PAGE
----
Mobile menu
Our sites are currently closed, but you can browse the Collection or shop online. More info

Letters of George IV published online for the first time

Release date: Thursday, 24 October 2019

A portrait of George IV by Sir Thomas Lawrence

Sir Thomas Lawrence, George IV, 1821 ©

More than 1,600 records and documents relating to George IV (1762–1830) from the Royal Archives have been digitised and published online for the first time as part of the Georgian Papers Programme.  Including both private and official papers, the newly released material sheds fresh light on the monarch’s life, relationships and interests. It covers a wide range of topics: from the political, such as the Regency crisis of 1788-9 and George, Prince of Wales’s desire for military promotion, to the personal, such as correspondence relating to the Prince’s relationship with Mary Hamilton and his unsuccessful marriage to Princess Caroline of Brunswick. These letters reveal much about the social and emotional world of the young Prince.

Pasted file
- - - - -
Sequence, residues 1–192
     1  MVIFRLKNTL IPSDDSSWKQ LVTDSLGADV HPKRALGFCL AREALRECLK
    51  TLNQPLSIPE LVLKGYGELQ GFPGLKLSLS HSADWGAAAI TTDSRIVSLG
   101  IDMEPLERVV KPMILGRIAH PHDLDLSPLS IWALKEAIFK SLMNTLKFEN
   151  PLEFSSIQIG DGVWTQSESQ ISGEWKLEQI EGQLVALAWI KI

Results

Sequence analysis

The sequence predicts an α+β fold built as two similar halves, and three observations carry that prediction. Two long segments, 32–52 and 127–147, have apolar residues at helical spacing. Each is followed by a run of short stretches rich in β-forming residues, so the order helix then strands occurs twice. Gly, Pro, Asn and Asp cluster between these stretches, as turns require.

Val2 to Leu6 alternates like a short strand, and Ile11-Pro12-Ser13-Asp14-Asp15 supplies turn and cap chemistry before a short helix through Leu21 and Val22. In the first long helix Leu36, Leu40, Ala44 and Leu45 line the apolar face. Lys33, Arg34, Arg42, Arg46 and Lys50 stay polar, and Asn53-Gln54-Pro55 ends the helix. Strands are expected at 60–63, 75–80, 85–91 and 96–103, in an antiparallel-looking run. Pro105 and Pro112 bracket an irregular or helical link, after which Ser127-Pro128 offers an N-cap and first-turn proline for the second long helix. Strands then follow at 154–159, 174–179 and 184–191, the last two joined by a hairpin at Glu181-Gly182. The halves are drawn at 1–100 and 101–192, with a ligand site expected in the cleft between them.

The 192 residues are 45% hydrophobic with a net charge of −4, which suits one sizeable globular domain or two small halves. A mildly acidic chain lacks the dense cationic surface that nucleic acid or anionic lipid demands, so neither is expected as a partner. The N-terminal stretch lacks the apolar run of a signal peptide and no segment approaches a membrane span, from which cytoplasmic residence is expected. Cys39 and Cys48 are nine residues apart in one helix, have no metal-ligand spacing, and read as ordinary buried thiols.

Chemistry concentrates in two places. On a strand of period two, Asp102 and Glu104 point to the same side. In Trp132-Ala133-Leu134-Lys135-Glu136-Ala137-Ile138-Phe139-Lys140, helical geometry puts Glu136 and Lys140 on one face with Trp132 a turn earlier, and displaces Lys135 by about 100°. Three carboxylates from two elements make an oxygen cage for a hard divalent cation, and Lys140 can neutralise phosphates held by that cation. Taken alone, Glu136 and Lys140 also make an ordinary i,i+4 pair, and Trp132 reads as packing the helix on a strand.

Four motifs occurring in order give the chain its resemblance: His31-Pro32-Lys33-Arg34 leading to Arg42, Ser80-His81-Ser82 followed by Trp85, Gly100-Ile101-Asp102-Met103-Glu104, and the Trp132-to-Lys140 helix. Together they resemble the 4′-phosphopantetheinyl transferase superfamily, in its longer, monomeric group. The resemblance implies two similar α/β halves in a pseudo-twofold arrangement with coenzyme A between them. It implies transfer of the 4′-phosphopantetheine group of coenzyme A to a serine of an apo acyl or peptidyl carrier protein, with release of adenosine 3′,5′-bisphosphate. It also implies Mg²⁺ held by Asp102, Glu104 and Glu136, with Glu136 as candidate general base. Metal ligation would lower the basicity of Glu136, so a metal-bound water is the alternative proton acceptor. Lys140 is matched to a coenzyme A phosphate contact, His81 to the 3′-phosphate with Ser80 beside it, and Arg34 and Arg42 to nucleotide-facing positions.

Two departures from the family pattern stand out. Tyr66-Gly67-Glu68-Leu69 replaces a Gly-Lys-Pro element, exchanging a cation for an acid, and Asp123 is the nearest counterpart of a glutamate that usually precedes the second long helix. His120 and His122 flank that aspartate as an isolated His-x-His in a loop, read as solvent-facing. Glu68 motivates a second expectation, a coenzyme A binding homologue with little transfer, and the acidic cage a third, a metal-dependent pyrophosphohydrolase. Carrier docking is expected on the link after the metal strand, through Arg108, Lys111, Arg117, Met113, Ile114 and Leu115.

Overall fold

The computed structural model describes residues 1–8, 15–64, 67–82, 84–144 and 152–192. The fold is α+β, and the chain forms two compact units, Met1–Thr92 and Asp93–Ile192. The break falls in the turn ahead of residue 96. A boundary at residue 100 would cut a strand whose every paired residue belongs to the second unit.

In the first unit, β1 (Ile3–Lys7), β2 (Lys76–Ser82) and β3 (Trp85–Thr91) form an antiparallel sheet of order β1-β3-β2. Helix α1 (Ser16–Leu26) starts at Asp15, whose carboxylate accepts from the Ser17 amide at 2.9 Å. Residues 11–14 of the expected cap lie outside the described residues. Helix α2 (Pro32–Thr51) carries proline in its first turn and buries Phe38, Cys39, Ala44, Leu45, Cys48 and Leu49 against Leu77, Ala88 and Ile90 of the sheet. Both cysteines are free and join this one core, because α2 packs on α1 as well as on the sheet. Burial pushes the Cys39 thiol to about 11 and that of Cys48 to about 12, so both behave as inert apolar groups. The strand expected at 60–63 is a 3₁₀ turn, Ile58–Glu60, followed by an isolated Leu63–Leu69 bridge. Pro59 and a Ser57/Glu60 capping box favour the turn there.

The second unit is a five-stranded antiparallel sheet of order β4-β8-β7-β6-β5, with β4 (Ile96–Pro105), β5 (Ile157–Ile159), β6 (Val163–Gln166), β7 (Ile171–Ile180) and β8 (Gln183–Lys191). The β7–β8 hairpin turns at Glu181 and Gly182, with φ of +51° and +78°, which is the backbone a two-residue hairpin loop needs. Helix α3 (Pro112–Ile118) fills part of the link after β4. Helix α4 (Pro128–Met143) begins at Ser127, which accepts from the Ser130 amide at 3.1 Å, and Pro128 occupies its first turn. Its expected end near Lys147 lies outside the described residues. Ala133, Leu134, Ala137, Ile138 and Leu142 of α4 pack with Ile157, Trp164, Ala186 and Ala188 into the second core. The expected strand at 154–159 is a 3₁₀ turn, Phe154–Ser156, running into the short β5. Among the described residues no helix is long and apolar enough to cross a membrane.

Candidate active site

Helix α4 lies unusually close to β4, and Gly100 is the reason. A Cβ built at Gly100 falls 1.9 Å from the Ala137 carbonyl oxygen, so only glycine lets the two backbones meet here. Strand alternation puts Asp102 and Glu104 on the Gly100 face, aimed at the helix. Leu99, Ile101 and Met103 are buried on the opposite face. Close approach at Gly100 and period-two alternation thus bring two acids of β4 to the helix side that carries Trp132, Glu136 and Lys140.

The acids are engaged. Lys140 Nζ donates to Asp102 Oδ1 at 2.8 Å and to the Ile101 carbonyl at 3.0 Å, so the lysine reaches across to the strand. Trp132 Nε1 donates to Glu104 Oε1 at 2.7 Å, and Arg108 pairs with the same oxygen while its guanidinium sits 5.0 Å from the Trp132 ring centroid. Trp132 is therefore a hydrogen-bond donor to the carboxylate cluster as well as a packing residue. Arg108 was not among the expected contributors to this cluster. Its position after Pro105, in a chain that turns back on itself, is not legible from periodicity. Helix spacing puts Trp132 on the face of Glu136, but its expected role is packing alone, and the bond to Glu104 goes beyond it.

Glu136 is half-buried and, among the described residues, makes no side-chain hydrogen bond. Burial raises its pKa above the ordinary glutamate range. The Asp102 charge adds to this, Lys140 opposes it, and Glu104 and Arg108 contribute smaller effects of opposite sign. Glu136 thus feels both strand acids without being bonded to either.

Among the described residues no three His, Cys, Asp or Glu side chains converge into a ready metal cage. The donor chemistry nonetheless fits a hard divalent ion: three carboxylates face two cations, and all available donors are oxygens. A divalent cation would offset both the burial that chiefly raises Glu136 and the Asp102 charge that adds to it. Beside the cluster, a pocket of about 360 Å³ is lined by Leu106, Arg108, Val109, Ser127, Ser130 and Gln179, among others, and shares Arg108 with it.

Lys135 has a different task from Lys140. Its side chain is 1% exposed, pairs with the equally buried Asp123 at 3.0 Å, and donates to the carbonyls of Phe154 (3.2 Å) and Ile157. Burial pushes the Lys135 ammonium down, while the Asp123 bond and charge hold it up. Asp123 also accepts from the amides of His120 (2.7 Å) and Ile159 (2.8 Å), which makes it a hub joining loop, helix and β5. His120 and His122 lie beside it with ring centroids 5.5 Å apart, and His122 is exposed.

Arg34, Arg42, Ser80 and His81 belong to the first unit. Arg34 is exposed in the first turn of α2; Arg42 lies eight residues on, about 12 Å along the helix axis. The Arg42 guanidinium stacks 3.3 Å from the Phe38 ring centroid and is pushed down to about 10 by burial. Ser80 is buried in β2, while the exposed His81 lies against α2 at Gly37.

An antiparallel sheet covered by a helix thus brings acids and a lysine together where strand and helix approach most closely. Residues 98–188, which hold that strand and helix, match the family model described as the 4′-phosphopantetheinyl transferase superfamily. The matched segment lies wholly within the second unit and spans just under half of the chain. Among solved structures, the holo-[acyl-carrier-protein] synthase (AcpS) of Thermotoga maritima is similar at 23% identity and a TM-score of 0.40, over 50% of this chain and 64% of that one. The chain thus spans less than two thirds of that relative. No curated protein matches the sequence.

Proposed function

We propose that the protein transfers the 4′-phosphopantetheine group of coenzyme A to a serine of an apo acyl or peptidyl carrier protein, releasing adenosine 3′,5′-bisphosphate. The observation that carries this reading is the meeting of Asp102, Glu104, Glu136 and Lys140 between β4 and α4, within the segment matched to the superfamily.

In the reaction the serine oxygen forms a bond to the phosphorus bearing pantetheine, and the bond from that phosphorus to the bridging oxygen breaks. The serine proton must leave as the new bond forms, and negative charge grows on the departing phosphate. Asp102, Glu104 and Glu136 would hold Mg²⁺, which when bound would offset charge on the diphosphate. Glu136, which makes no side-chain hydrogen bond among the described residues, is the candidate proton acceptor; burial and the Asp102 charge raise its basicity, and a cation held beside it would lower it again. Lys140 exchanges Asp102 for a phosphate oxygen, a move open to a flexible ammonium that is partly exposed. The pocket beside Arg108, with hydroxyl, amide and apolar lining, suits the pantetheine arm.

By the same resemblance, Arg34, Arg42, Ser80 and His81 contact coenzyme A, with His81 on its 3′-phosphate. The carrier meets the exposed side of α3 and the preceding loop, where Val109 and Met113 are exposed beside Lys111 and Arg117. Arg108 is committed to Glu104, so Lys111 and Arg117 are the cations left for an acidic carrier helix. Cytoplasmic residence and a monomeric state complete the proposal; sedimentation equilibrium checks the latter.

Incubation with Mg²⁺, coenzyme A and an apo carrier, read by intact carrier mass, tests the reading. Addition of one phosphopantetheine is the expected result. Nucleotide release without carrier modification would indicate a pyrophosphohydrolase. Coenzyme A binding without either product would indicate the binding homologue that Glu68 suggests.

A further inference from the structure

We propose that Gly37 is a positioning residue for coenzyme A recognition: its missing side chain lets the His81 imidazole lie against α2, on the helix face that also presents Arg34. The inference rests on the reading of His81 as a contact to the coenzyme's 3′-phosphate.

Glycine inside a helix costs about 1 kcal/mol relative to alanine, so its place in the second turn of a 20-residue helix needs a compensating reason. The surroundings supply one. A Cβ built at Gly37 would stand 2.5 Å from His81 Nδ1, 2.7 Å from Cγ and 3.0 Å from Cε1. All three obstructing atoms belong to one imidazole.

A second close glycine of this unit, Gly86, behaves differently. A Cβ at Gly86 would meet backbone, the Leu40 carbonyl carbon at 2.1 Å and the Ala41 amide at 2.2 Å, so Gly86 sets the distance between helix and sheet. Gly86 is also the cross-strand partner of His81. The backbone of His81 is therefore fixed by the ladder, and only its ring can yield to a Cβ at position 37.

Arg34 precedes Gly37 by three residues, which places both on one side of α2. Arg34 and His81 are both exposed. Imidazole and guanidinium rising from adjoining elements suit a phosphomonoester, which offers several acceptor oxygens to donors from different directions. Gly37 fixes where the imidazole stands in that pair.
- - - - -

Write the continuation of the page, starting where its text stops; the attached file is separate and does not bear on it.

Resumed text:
The documents also include inventories listing thousands of items of furniture, art, decorative arts and other material formerly in Carlton House, the Prince’s private residence, providing evidence of how the rooms were decorated, furnished and used. George IV’s passion for collecting will be explored in the forthcoming exhibition George IV: Art & Spectacle at The Queen’s Gallery, Buckingham Palace (15 November 2019 – 3 May 2020).

The Georgian Papers Programme is a partnership between Royal Collection Trust, lead academic partner King's College London and international participants, including primary US partners the Omohundro Institute of Early American History & Culture and William & Mary, as well as other key US institutions, such as the Library of Congress, Mount Vernon and the Sons of the American Revolution.  The Programme is transforming access to and interpretation of more than 425,000 pages of historic documents in the Royal Archives and Royal Library relating to the Georgian period.  To date, more than 125,000 pages have been published and made freely available online.